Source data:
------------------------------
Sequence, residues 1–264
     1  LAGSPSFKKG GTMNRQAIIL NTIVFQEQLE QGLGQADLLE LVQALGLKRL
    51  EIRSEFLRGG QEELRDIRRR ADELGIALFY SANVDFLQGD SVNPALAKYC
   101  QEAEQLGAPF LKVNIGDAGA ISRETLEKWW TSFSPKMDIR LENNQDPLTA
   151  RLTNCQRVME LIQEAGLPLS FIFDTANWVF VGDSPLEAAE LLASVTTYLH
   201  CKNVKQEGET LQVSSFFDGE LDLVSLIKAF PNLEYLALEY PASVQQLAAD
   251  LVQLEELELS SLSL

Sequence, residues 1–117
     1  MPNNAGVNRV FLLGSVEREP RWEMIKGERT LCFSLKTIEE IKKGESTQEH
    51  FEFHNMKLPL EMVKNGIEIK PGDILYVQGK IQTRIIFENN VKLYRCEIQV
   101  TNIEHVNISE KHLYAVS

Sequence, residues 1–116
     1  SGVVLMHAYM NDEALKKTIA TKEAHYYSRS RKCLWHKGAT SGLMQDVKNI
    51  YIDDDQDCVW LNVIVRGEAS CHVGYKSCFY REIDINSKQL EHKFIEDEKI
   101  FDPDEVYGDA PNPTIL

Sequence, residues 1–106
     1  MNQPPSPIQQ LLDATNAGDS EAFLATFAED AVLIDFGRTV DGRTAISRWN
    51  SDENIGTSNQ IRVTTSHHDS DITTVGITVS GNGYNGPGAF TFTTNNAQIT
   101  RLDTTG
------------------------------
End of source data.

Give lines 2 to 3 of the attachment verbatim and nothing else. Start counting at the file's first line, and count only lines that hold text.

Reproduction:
     1  LAGSPSFKKG GTMNRQAIIL NTIVFQEQLE QGLGQADLLE LVQALGLKRL
    51  EIRSEFLRGG QEELRDIRRR ADELGIALFY SANVDFLQGD SVNPALAKYC